The Oct. 22 general election is an ideal opportunity to debate major threats to Japan: Kim Jong Un’s missiles, Donald Trump’s Twitter storms, relations with China and whether three arrows or 12 zeros are key to gross national happiness.

But neither Prime Minister Shinzo Abe’s arrows nor Yuriko Koike’s zeros answer Japan’s most difficult threat: demographic devolution. The platforms of Abe’s Liberal Democratic Party and Koike’s Kibo no To (Party of Hope) have this in common: no chance of altering a population-and-borrowing trajectory that will push the debt burden toward three times the size of the economy.

Yes, I know. Warning about Japan’s aging and shrinking population veers toward Chicken Little territory. But the latest report from the International Institute for Strategic Studies (IISS) is sobering. The global think tank on political and military conflict sees a “looming crisis” that “threatens U.S. power and Asia-Pacific regional stability” in the likely loss by 2060 of 30 percent of Japan’s population.

Lest you think this is a challenge only for prime ministers of the distant future, consider today’s deflation. When Abe showed Masaaki Shirakawa the door in 2013, the then-Bank of Japan governor warned that the aging population made more aggressive monetary moves futile. Even earlier, in 2011, International Monetary Fund researcher Patrick Imam predicted BOJ failure in a paper titled “Shock from Graying: Is the Demographic Shift Weakening Monetary Policy Effectiveness?”

Those headwinds are now holding BOJ Gov. Haruhiko Kuroda far from the central bank’s 2 percent annual inflation goal. Deflationary demographics explain why record tight labor markets aren’t boosting wages much. They also explain why replacing Kuroda with a more activist policymaker would be its own exercise in futility.

Yet Abe, Koike and other major parties are sweeping under the tatami mat a worker-debt mismatch that IISS researcher Jonathan Webb says is “putting the country at risk of insolvency and potentially ending its role as a pillar of regional stability.” Nowhere among Abe’s three policy arrows are serious ideas to increase the fertility rate, better utilize the female workforce, increase immigration or take innovation to new heights to fill staffing voids. Koike’s 12 zeros, meanwhile, do more to treat the symptoms of Japan’s demographic troubles than fix the underlying malady.

Granted, “Yurinomics” has its merits. Koike’s preference for taxing excess cash holdings on company balance sheets — about $2.7 trillion — could fatten paychecks and get the BOJ closer to 2 percent inflation. Her push to phase out nuclear power reactors would make Japan safer and score a bigger piece of the global renewable energy boom. Her desire for a smoke-free Japan puts people ahead of corporations and enabling bureaucrats.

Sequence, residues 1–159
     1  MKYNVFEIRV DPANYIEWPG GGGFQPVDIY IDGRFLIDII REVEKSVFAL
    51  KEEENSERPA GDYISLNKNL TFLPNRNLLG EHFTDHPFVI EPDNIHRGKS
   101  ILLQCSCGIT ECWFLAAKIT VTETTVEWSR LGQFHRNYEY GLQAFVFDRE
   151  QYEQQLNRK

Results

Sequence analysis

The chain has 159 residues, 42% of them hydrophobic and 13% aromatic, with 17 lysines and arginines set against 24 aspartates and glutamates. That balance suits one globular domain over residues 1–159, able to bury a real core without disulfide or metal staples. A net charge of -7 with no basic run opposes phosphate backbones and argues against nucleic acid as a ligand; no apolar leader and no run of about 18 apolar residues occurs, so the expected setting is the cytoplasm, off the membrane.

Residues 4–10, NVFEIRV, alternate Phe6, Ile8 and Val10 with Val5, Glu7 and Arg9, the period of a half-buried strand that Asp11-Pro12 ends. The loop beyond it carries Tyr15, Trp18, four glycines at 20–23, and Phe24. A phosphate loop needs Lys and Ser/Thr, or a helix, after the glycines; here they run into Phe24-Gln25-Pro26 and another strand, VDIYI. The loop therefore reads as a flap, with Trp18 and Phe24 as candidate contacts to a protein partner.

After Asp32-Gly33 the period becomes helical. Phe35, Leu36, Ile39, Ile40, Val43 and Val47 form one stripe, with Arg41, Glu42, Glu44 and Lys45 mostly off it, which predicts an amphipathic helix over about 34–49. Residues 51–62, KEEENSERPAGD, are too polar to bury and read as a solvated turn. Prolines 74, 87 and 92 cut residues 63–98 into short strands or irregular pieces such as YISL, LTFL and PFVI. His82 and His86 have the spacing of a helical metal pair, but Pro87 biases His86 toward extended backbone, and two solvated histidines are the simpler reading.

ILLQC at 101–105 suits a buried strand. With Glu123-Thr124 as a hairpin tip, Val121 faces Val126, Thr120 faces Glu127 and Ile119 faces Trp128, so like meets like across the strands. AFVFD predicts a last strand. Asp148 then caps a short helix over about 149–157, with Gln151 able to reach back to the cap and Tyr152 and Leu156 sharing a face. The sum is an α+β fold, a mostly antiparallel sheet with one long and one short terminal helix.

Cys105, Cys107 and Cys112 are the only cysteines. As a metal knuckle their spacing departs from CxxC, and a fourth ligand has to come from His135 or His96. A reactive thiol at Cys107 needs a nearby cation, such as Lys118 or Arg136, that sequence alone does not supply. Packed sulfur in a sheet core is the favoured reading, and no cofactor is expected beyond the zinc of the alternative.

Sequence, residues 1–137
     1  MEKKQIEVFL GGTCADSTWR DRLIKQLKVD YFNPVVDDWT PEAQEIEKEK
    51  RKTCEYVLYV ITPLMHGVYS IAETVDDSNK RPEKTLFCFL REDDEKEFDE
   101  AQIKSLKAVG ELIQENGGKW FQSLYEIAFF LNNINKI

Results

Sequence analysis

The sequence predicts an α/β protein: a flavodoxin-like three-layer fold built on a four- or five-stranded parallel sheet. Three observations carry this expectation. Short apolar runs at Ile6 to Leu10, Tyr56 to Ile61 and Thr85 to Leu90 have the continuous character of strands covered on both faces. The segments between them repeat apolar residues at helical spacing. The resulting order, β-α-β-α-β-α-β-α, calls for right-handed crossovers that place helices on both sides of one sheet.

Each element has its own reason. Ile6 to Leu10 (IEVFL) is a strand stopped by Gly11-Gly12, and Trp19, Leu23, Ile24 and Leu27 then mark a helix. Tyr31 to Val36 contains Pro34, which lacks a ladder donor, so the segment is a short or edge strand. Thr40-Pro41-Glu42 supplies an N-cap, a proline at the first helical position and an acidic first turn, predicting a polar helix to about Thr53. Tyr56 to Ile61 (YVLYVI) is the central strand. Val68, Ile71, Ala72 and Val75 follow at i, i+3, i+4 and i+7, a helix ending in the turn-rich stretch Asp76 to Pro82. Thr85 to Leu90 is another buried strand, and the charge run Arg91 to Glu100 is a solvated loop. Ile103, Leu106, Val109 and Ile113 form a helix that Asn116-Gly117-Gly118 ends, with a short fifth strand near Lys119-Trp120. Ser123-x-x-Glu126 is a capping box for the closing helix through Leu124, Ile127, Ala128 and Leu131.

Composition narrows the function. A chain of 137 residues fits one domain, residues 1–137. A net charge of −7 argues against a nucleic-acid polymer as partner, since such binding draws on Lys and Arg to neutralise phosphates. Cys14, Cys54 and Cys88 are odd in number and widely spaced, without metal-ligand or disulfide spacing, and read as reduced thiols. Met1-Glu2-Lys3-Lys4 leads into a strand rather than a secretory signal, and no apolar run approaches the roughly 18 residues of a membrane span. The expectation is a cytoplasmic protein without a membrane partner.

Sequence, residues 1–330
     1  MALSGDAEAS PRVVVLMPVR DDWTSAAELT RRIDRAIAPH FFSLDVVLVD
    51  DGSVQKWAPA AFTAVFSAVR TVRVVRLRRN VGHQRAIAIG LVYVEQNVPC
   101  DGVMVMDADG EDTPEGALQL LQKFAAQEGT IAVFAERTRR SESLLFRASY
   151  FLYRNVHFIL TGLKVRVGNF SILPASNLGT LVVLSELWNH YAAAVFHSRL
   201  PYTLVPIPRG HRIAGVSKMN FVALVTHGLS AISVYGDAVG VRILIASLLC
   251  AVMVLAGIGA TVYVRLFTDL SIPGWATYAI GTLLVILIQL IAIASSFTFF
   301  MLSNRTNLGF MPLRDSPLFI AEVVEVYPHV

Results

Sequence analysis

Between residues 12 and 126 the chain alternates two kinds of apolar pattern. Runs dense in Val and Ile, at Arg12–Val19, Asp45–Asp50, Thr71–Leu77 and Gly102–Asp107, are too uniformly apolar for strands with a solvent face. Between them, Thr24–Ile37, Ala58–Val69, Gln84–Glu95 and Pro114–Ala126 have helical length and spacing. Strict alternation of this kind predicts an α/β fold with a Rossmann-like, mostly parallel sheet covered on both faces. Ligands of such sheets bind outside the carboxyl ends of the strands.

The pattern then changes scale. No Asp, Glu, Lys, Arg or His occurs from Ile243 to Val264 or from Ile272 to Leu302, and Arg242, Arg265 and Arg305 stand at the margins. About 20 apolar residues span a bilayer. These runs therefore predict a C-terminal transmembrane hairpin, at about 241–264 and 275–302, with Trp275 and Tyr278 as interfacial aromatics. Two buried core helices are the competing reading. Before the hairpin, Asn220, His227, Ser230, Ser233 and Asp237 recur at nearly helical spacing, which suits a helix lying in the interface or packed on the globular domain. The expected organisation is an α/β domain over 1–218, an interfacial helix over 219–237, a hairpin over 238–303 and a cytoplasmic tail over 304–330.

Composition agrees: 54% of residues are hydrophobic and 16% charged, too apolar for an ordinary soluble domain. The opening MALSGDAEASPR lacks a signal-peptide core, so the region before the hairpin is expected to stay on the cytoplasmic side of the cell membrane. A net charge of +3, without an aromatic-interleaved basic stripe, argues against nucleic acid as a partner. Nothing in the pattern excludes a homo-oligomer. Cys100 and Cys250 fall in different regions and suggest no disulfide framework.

Less impressive is Koike’s policy of denying foreign residents a vote in local elections. Japan must put out the welcome mat for the foreign workers it needs to raise competitiveness and boost innovation. Worldliness is a central part of Koike’s shtick (she’s fluent in English and Arabic), but conservatism gets in way of Japan’s economic future. Abe, too, of course. Koike’s party should go the other way, favoring the importation of strategic and targeted talent: entrepreneurs, venture capitalists, programmers, biochemists, engineers, health care givers, what have you. What works for Singapore could work for Japan.

North Korea’s nuclear provocations are more immediate threats, of course. Hence Abe’s hope that a muscular stance against Pyongyang along with Trump will give him a boost at the ballot box. But Abe’s five years in office have been a key — and lost — opportunity to get a jump on altering Japanese demographics.

With majorities in both chambers of the Diet, an economic vision the public backs and, until recently, healthy support rates, Abe should’ve worked harder to curb government borrowings and increase the fertility rate — at a sluggish 1.44 as of 2016 — toward the necessary 2.1 replacement-rate level. Instead, his Oct. 22. election platform papers over the problem (Koike’s, too).

“If left unresolved, Japan will eventually be forced into an endless cycle of tax rises and benefit cuts, further impairing economic growth, or a devastating fiscal collapse as the debt burden overwhelms taxpayers’ willingness and ability to pay,” Webb says. “It is fanciful to assume that such a Japan would be able to effectively defend itself, let alone continue discharging its international responsibilities and alliance commitments as it does today.”

These foundations are, after all, those on which Asia-Pacific security rests. “Just as important,” Webb argues, “is Japan’s financial and economic contribution to the region. Japan has long been the Asia-Pacific’s principal provider of economic aid, generally contributing more than half of the annual regional total since 1990.”

In 2015, for example, Japan’s roughly $25 billion of aid exceeded the U.S. and China. Deteriorating demographics will make it harder for Tokyo to remain the financier in chief behind the projection of U.S. military power and Asian growth — and allow China to amass ever-greater influence. Listening to election chatter, you’d never get the impression Japan has a people problem. It has a grave one and we need to think about it.

Tokyo-based journalist William Pesek is the author of “Japanization: What the World Can Learn from Japan’s Lost Decades.”

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